When we do that, when we dare to allow Mark’s story, the story of Jesus to enter deeply into our lives and world, we are confronted, not only with ourselves, but with the mystery of salvation, the mystery of Jesus, the mystery of love and sacrifice.

Earlier in the gospel, as Jesus began his journey to Jerusalem, after he made his first prediction of what would happen when he got there, he told his disciples, “If you want to become my followers, take up your cross and follow me.”

When we do that, we enter into Jesus’ journey, going with him into the heart of God, where we will find love. It is not an easy journey, because as Mark insists, the journey to God, into God, is a journey into the suffering, oppression, and injustice of the world, where God is working transformation. It is there that we see God, there we find God, there we know and are loved by God.

Following Jesus to the cross, standing near the cross, we encounter God in Christ. We encounter the miracle of transformation as Mark tells us, even his executioner knew and saw, that truly “This man is the Son of God.” May this experience and transformation be yours this Holy Week, may this experience and transformation be everyone’s in the midst of our broken, suffering, unjust world.

Difficult conversations on our journey with Jesus: A Sermon for the Second Sunday in Lent, 2018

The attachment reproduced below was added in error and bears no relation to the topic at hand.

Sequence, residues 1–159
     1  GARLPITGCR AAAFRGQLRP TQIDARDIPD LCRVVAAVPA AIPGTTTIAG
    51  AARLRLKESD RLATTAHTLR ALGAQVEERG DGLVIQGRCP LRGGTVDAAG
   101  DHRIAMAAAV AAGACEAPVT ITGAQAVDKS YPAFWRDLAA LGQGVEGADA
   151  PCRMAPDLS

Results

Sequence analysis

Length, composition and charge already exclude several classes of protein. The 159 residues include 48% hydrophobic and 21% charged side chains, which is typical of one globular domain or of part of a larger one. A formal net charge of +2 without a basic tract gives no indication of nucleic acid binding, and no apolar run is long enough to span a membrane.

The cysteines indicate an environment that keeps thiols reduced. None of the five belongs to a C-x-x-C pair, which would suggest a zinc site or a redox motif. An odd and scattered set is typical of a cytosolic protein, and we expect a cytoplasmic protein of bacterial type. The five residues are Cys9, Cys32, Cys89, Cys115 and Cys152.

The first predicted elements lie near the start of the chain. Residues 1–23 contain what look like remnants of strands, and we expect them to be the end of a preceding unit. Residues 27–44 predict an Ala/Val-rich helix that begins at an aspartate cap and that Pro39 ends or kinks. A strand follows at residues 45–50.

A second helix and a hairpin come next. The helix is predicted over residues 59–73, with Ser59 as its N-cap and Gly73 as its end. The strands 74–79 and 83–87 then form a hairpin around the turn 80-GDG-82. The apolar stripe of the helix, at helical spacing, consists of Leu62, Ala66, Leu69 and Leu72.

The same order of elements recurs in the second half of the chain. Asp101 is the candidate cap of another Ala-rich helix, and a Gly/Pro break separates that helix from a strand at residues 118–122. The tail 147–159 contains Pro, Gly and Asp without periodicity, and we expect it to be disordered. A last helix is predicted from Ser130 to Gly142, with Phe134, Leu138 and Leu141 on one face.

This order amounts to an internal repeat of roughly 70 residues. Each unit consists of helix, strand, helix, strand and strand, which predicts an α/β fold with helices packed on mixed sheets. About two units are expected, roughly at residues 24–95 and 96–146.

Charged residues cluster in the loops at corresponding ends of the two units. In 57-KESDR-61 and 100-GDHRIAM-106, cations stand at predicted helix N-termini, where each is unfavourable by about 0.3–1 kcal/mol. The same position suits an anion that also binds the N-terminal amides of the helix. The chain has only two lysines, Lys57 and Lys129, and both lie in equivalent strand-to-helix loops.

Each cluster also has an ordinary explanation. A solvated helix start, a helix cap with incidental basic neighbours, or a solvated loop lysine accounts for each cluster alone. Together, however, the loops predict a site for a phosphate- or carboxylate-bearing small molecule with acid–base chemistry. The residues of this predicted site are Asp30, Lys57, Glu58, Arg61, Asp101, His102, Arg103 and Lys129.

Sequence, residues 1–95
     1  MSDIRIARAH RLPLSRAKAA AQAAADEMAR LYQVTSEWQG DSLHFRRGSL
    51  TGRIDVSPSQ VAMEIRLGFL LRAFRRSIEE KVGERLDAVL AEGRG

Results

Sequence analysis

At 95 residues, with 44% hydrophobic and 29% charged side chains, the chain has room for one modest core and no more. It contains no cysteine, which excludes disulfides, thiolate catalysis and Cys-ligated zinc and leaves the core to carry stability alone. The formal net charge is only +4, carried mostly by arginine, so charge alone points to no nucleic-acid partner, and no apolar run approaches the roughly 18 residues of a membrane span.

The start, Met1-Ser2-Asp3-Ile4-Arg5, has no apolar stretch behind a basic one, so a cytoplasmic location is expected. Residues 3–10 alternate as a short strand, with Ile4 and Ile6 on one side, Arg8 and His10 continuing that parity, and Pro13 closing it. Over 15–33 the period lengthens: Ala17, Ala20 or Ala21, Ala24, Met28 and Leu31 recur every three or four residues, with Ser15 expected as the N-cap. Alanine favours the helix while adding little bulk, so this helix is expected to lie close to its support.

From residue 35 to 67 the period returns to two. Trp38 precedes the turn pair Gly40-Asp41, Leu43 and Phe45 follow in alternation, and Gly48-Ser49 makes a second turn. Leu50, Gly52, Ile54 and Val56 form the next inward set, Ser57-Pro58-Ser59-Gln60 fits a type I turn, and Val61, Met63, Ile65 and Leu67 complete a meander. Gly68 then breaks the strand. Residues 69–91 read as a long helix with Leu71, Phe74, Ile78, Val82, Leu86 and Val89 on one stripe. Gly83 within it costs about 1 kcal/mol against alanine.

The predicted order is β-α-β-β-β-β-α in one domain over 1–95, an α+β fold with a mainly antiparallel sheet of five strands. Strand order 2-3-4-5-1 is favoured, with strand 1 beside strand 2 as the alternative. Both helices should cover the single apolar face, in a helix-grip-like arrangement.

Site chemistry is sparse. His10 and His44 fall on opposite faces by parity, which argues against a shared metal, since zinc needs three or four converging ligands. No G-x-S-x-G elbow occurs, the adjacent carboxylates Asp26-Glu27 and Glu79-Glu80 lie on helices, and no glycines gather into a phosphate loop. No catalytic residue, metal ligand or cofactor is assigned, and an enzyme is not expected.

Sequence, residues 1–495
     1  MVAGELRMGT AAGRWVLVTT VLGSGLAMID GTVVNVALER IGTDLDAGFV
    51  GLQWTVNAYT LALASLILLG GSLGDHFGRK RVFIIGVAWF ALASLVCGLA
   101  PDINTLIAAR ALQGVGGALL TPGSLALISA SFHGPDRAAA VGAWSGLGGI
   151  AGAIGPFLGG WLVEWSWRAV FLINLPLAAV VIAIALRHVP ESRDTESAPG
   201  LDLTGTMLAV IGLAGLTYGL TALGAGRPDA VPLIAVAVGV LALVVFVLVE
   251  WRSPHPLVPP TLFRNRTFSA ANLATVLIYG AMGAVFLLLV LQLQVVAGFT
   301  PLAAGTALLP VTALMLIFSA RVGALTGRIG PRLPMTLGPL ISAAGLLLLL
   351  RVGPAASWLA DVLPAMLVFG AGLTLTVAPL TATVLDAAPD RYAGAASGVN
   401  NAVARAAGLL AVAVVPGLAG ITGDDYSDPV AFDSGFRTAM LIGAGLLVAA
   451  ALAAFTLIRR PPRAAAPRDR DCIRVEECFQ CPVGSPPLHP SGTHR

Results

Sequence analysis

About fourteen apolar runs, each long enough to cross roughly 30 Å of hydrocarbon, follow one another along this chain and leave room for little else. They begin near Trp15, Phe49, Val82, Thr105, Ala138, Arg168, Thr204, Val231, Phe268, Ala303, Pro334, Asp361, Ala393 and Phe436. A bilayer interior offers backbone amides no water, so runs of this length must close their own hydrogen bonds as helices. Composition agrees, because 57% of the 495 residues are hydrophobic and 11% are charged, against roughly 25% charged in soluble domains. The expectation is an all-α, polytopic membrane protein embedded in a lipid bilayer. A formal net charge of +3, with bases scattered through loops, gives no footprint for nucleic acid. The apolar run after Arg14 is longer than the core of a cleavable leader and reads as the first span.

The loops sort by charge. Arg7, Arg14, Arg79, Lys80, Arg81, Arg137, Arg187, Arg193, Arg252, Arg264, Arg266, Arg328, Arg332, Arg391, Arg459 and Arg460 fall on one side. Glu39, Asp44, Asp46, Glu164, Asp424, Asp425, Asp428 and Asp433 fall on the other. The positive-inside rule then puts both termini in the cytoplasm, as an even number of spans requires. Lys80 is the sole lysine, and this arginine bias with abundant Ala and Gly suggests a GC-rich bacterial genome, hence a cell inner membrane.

One of the things about my job that is both wonderful and at times frustrating is that among many other things, I get paid to talk to people. And while some of those conversations can be uncomfortable and difficult, many of them are opportunities to get to know people, to hear about their spiritual journeys, to learn about their struggles, their hopes and passions, and sit with them in the midst of their pain and suffering.

This week, I’ve met with a number of interesting people, among them a college student who wanted to talk to me about his senior thesis (that’s something I haven’t done in almost ten years); a young Roman Catholic woman who is searching for a new church home. There were also several homeless or nearly homeless people There were also conversations with people curious about the proposed development project on our block. Continue reading

Naming, Casting out evil: A Sermon for the Fourth Sunday after Epiphany, 2018

Corrie and I caught the first episode of a new documentary series that’s airing on PBS this winter. It tells the stories of people who met during significant historical moments and the efforts to bring them back together after decades. The first episode told the story of Reiko, a Japanese-American woman now in her 80s who was among the hundreds of thousands who were taken from their homes and lives and interred in camps for the duration of the war.

Reiko wanted to reconnect with Mary Frances, a Caucasian girl who had been her best friend. Their friendship was opposed by Mary Frances’ parents and broken when Reiko and her family were interred in Wyoming. After the war, when she returned home with anti-Japanese sentiment still running high, Reiko was afraid to go to school. But on her first day back, Mary Frances ran up to her, took her hand, and walked with her into the classroom. Continue reading